Harry McMurtry’s 2015 Keynote, “Things can be better”

Harry McMurtry: 2015 Guest Speaker

Harry McMurtry

Things Can Be Better

On Sunday, November 8, 2015, we held our Porridge for Parkinson’s breakfast at the Vaughan Estate. The event was sold out, and 300 guests enjoyed fabulous breakfast cuisine prepared by our wonderful chefs. Special guest Harry McMurtry delivered this inspiring keynote speech and message that “Things Can Be Better”.

Harry McMurtry’s Keynote

It is often said by – and occasionally to – people with Parkinson’s that: “Things could be worse.” I do not find this sentiment helpful because, with this disease, things will get worse. But my message today is not a gloomy one.

I say: “Things can be better.” Just by you being here today, things are already looking up!

Let me tell you why I don’t like people saying, “Things could be worse.” Firstly, it invites comparison to others. When one says “things could be worse,” one is speaking in relative, not absolute, terms. One person’s life cannot be the measure of another’s. Rather, our lives have intrinsic value. We don’t say, “She is stronger; she must be better.” Or, “He is faster; his life must have more meaning.” Nor do we say, “She is sicker; she is less valuable.” One’s worth is not measured relative to others. Similarly, one’s worth today is not weighed in contrast to one’s worth yesterday. For those of us with Parkinson’s, the folly is to view our lives today through the prism of our healthy years. We are valuable because we are here.

Secondly, the phrase, “Things could be worse,” is undeniably pessimistic. It implies that things are already bad. While living with Parkinson’s is not easy, my life is still very much worth living!

My final objection to the use of this expression is that it promotes an unhealthy approach to living with Parkinson’s. As Mark Twain once warned: “Comparison is the death of joy.” A better strategy than comparing ourselves to others or to our earlier selves is to look for meaning in our current circumstances, whatever they may be. Hopefully, that search leads to fulfilment.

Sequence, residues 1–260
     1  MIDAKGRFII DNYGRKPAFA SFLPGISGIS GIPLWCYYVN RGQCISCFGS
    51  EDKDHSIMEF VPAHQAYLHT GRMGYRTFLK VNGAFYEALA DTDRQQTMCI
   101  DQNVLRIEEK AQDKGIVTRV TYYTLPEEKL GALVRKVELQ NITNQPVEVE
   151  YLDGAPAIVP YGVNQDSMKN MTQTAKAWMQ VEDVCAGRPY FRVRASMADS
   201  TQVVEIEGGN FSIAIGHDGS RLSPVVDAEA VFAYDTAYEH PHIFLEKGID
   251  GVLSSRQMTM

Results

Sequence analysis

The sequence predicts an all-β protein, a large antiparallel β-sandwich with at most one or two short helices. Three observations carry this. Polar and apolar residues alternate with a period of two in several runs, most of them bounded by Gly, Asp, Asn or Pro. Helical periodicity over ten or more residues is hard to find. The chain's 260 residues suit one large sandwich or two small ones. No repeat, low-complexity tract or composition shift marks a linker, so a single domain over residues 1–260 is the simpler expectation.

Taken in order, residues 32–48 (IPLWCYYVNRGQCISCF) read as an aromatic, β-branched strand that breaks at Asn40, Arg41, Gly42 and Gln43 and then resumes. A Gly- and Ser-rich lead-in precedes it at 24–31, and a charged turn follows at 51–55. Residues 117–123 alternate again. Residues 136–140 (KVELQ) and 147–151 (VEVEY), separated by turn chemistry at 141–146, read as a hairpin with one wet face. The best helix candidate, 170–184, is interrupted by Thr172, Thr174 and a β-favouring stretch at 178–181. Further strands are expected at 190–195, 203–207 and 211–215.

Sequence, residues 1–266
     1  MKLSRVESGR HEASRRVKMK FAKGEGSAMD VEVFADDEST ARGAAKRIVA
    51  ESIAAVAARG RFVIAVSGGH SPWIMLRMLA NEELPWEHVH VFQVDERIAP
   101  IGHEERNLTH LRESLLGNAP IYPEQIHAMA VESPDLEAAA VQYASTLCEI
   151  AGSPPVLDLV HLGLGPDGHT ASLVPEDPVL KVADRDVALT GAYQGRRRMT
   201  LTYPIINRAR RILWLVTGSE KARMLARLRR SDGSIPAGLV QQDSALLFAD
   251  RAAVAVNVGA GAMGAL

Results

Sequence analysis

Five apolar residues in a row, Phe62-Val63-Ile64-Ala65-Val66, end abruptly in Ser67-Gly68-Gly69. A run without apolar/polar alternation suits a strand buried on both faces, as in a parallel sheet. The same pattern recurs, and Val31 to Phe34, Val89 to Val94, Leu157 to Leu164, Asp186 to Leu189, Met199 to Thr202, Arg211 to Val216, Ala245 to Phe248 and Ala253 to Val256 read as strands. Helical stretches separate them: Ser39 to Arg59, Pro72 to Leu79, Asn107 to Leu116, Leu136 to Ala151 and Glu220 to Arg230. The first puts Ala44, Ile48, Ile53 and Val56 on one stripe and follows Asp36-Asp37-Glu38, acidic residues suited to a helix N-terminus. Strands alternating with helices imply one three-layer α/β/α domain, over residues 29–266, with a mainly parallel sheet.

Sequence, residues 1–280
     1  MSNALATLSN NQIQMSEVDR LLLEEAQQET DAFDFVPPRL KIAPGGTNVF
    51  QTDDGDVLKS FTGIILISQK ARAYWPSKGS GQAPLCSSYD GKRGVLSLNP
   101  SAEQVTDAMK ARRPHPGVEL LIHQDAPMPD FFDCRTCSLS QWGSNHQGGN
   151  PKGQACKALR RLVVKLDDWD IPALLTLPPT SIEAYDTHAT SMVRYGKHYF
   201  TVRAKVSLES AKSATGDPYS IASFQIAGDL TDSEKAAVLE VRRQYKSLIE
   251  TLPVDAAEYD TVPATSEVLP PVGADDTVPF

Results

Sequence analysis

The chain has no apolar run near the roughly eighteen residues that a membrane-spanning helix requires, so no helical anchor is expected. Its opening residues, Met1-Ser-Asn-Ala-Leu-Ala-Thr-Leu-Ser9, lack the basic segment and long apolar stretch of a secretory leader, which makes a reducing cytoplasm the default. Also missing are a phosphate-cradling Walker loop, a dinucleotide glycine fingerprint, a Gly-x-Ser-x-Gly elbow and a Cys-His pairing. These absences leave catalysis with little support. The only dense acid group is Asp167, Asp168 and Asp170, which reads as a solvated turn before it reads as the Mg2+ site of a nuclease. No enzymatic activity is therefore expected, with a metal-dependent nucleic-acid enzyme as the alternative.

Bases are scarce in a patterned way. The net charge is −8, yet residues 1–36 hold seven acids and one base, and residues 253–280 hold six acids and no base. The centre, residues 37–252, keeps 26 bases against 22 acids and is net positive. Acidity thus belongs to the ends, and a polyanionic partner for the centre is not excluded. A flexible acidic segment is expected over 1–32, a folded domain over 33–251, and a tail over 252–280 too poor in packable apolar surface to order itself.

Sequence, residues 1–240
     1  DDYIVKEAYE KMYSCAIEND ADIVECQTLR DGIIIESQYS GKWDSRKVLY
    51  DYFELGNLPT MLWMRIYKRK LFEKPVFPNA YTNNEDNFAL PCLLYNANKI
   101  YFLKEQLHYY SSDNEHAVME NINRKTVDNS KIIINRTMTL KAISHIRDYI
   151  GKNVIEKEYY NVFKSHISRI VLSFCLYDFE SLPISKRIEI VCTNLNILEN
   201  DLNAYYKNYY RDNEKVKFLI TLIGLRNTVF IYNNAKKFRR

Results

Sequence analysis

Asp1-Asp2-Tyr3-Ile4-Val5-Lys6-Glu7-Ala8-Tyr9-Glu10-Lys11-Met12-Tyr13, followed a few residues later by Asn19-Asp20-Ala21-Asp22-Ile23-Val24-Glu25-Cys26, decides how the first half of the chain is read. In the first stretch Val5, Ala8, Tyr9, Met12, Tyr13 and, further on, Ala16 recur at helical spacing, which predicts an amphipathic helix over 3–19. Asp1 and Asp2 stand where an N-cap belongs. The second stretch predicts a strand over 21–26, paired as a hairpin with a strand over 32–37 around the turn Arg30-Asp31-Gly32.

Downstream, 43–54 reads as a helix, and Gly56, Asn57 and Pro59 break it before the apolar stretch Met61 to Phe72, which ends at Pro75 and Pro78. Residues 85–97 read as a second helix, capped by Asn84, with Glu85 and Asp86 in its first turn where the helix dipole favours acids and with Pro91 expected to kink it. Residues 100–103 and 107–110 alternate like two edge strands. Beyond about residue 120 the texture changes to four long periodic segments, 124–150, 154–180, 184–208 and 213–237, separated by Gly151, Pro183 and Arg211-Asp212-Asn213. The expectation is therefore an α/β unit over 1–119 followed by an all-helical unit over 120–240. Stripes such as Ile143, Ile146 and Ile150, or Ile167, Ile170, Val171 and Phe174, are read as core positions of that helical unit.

What is my strategy for living with Parkinson’s?

As a younger man, I was very fortunate to have had the privilege of working with children with disabilities. They taught me how to deal with adversity with dignity and without complaint. It was not that child’s fate or destiny to have a disability. Nor was it mine to have Parkinson’s. It just happened and now I live with it. I acknowledge it; I don’t accept it. If I accept it, then I will stop fighting it. I am an actor in my own play. As the famous biologist Richard Dawkins remarked, “I am very comfortable with the idea that we can override biology with free will.”

Things can be better. So, I had brain surgery; I take medication that is not only therapeutic but possibly neuroprotective; I exercise; I participate in all manner of clinical trials and studies, and I raise money for Parkinson’s research.

Currently, I am scripting my part to raise money to fight Parkinson’s and to heighten awareness of this disease. Next Spring, I plan to walk from New York City, my new home, to Toronto over a period of 45 days. Half a marathon a day. We are calling it, “500 Miles for Parkinson’s”. We have events planned in Manhattan and Toronto and more along the way. We are supporting three charities: The Michael J. Fox Foundation for Parkinson’s Research, the Morton and Gloria Shulman Movement Disorders Centre at Toronto Western Hospital, and the Mount Sinai Beth Israel Movement Disorders Center in New York. The walk is intended to bridge two great cities and two great countries in an effort to fight a common enemy, namely, Parkinson’s disease. Please visit our website at “fivehundredmiles.org”.

Things can be better. That’s why you are all here today. To make things better for yourselves, your loved ones and others.

Harry’s 500 miles

In 2005, at the age of 42, Harry McMurtry was diagnosed with Parkinson’s disease, and just five years later, retired from a successful legal career. Harry was determined not to let the disease define him, and with improved mobility after successful DBS surgery, he decided to get involved. With his wife Deborah Bradley, he attended and organized numerous PD events that ultimately led to his fundraising initiative, 500 Miles for Parkinson’s. In 2016, after careful planning and training, Harry and his team (including fellow walker Sue Thompson) completed a remarkable walk from his home in New York City to his hometown of Toronto, allowing him to raise funds in both countries.